2. Personally, I love FPS—gives me the opportunity to blow the crap out of someone who richly deserves it. But then, I’m an adult. I don’t think little kids should have access to this stuff and that’s what I think most researchers would argue.

    There’s good evidence that violence in the media makes people more fearful. reduces sensitivity to the pain of others, and yes . . . makes kids behave in more aggressive ways toward one another. None of this is to say that kids grow up to be mass murderers as a consequence.

    The problem I personally see with with video games is that they put the player directly in the role of the aggressor and yes, that does increase agressive thoughts and actions and reduce sensitivity—video game-like simulations are widely used as a training tool by the military for just this purpose—because it works.

    Again, however, this doesn’t mean that people go out and become mass murderers.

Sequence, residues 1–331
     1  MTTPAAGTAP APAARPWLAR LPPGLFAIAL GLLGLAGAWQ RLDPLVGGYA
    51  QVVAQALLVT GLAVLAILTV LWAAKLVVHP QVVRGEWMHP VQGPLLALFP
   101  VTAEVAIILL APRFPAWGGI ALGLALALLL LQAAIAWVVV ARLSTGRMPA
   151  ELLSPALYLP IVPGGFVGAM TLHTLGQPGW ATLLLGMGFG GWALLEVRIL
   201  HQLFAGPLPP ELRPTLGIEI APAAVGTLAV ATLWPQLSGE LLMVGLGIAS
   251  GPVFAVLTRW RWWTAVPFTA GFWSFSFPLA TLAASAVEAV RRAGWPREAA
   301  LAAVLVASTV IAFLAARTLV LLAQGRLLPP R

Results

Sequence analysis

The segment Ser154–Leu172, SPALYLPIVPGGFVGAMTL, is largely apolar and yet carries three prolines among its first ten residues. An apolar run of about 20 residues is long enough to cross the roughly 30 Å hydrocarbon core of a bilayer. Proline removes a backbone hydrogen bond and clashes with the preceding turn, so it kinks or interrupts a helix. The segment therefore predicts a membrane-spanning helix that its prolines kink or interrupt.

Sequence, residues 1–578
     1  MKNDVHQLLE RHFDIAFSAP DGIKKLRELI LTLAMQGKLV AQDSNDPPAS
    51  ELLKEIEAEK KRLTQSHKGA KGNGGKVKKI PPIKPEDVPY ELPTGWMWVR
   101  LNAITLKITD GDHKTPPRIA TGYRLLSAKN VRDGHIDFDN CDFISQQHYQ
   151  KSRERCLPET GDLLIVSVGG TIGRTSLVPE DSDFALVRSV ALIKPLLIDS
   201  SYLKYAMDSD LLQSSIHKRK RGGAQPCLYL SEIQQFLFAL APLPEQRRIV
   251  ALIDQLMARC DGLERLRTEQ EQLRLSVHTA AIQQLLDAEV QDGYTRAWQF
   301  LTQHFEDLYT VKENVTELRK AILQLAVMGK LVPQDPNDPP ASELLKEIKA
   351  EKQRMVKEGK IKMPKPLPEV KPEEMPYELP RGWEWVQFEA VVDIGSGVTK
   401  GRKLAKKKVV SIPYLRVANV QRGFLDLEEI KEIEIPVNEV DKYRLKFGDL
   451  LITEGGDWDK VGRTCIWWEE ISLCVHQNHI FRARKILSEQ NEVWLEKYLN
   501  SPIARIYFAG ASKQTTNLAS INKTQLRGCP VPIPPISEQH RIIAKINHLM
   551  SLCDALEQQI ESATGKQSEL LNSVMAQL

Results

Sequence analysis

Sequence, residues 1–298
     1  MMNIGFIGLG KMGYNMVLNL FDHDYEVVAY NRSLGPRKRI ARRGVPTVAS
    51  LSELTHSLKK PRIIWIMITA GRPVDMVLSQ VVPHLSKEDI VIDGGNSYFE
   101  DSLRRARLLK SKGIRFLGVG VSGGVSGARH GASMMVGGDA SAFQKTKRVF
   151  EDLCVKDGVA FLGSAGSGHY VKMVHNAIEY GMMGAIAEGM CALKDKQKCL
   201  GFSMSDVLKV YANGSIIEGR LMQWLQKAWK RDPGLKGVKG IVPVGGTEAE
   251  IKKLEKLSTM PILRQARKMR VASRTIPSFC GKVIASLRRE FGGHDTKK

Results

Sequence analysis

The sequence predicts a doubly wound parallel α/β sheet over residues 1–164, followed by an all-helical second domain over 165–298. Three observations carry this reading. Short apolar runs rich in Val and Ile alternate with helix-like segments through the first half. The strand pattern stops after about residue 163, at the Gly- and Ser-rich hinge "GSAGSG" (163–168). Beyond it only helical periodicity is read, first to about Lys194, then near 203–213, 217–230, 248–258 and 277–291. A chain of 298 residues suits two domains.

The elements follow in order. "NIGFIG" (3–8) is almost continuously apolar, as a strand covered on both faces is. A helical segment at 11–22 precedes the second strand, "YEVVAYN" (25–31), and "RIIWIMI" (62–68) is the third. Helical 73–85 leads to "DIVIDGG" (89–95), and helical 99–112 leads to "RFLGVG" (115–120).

These numbers quantitatively prove that (the idea of violence caused by video games) is hype-based and not based on any actual statistical progression toward violence. It’s not supported by real-world data. It’s more a soapbox for politicians,

  3. This quote was in today’s Information Week Daily and seems appropriate somehow cool smirk

    “Seeing a murder on television can help work off one’s antagonisms. And if you haven’t any antagonisms, the commercials will give you some.”
    —Alfred Hitchcock

  4. Not to sound like I’m ripping on you Shelley (that’s not my intent), but…